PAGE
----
22 Aug

Yet another update to Molebox unpacker

Thanks to my readers I have fixed few more bugs in the Molebox unpacker.

  • Better support for non-ASCII symbols in filenames
  • Very large (4GB+) files will now unpack correctly
  • Unpacker will extract embedded files packed with old versions of Molebox (like version 2.0570)

The usual request

I hope you find this unpacker useful. But if it doesn't work for you, please send me an error report with all the details you can and I'll try to fix it. Have fun!

Download link: removed. See October update to Molebox unpacker for an updated version

19 Aug

Use of syscall and sysenter in VMProtect 3.1

Few days ago Xjun briefly mentioned a new feature of VMProtect 3.1 - it uses direct syscalls to check if software is running under debugger. I decided to take a quick look myself and figure out how exactly it works.

I'll give you 2 targets for the research:

  • oppo_flash_tool.exe (https://mega.nz/#!ZgJzjQxR!cNEHMwM-jKnLVgPXf4OUupyk1DNt69FYB2rEfY-5AlA) - it was given as an example by Xjun;
  • asshurt.dll (https://mediafire.com/?3xyc0ugc2hxervn) - some sort of a cheat for Roblox. I don't care about the cheat itself, it just happened to have the syscall feature enabled. And it uses different syscalls than Oppo.

In addition to that, I'll provide a very simple demo executable which replicates part of the VMProtect protection, so that you don't waste time looking at obfuscated code.

As a debugger in 32-bit OS you can use anything you like. On 64-bit OS you will really need to use WinDbg - as far as I know, it's the only debugger that can handle those tricks..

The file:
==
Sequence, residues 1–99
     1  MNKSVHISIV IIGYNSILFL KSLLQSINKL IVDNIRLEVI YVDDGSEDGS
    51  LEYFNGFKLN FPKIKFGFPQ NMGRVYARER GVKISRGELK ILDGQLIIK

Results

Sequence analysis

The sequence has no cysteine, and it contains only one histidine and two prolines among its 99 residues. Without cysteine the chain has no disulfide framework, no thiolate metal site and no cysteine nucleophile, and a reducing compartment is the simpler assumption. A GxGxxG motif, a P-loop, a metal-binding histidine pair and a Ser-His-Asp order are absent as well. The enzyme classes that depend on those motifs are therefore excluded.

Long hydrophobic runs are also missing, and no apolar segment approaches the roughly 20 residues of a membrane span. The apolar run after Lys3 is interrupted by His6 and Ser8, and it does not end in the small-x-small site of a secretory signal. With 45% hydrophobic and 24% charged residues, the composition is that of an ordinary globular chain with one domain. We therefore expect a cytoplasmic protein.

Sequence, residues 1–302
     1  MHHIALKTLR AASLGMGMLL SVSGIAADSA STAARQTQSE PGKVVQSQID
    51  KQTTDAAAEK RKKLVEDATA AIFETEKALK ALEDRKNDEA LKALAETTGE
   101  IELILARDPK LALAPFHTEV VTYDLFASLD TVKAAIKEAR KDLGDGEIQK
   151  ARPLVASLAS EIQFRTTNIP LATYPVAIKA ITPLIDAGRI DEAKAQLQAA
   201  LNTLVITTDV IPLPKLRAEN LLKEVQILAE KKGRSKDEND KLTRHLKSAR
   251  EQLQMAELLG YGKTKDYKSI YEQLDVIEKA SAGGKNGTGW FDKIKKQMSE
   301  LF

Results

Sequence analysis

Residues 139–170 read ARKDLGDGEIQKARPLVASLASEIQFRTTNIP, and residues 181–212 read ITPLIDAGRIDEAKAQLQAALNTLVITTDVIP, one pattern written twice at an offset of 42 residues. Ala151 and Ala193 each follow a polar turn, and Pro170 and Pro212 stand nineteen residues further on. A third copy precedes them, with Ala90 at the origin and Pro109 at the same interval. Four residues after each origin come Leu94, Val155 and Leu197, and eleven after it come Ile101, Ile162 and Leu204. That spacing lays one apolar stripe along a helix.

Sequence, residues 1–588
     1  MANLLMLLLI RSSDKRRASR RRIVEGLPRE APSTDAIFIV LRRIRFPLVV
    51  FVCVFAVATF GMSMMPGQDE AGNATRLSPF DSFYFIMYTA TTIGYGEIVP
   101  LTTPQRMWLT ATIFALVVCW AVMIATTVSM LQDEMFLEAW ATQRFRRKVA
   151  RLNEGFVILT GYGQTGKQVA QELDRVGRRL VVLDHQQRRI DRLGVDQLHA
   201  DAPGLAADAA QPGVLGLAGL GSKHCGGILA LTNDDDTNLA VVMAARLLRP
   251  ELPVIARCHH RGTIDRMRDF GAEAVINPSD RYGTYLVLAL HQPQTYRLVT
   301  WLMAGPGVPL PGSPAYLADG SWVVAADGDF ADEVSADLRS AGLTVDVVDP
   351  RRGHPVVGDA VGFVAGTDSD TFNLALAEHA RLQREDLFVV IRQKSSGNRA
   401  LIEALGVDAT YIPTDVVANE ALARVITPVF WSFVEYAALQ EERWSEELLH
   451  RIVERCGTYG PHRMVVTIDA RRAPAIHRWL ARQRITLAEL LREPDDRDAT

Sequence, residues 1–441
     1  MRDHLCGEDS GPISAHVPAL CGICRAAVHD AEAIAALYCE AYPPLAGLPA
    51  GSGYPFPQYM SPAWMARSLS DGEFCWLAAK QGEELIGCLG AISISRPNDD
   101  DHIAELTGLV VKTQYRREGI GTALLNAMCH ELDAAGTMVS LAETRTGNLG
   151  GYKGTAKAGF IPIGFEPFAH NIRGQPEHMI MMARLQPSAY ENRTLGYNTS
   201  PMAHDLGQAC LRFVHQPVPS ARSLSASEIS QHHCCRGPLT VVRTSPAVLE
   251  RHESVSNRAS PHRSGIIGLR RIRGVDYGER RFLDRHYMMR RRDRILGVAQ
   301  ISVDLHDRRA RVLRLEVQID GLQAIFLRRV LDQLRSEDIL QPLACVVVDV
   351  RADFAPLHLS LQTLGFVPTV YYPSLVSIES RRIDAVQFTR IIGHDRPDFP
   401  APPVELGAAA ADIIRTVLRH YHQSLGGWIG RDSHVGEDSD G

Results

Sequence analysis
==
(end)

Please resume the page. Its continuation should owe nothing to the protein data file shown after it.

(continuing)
32bit OS

Let's start by debugging oppo_flash_tool.exe. First, we need to get past the usual tricks like IsDebuggerPresent and CheckRemoteDebuggerPresent. If you're reading this, I'm sure you know how to do that.

Few moments later we'll arrive here:

Remember this conditional jump. It's taken on 32bit OSes and not taken on 64-bit OS.

Let's look at 32bit OS version first. Now VMProtect prepares to call sysenter.

Since the code is obfuscated, here comes a cleaned-up version. Please note that in other applications, different registers can be used.

64-bit OS

Here it is getting interesting! smile You cannot use sysenter instruction from 32-bit code in 64-bit Windows. But, as ReWolf described few years ago, one can mix x86 code with x64 code in the same process. And that's exactly what VMProtect 3.1 is doing.

Let's go back to that conditional jump and see what happens in 64-bit OS. The jump will not be taken:

Far call?! Last time I saw that was in 16-bit Windows era..

As explained in ReWolf's article:

Summing things up, for every process (x86 & x64) running on 64-bits Windows there are allocated two code segments:

  • cs = 0x23 -> x86 mode
  • cs = 0x33 -> x64 mode

So, as soon as you execute that call, you'll switch to a 64-bit world. WinDbg happily recognizes that, all other debuggers just go astray..

x64 code does pretty much the same thing as x86 code - sets up a stack frame, sets up registers and then executes syscall instruction. Cleaned-up and shortened version follows: